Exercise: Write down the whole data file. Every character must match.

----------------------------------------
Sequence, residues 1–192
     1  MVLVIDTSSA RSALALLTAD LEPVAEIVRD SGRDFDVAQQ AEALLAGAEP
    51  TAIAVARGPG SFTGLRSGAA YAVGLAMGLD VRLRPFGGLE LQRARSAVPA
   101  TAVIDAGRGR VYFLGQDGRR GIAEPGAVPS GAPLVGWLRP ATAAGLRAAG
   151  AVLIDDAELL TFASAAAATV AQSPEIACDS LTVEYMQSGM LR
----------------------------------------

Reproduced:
Sequence, residues 1–192
     1  MVLVIDTSSA RSALALLTAD LEPVAEIVRD SGRDFDVAQQ AEALLAGAEP
    51  TAIAVARGPG SFTGLRSGAA YAVGLAMGLD VRLRPFGGLE LQRARSAVPA
   101  TAVIDAGRGR VYFLGQDGRR GIAEPGAVPS GAPLVGWLRP ATAAGLRAAG
   151  AVLIDDAELL TFASAAAATV AQSPEIACDS LTVEYMQSGM LR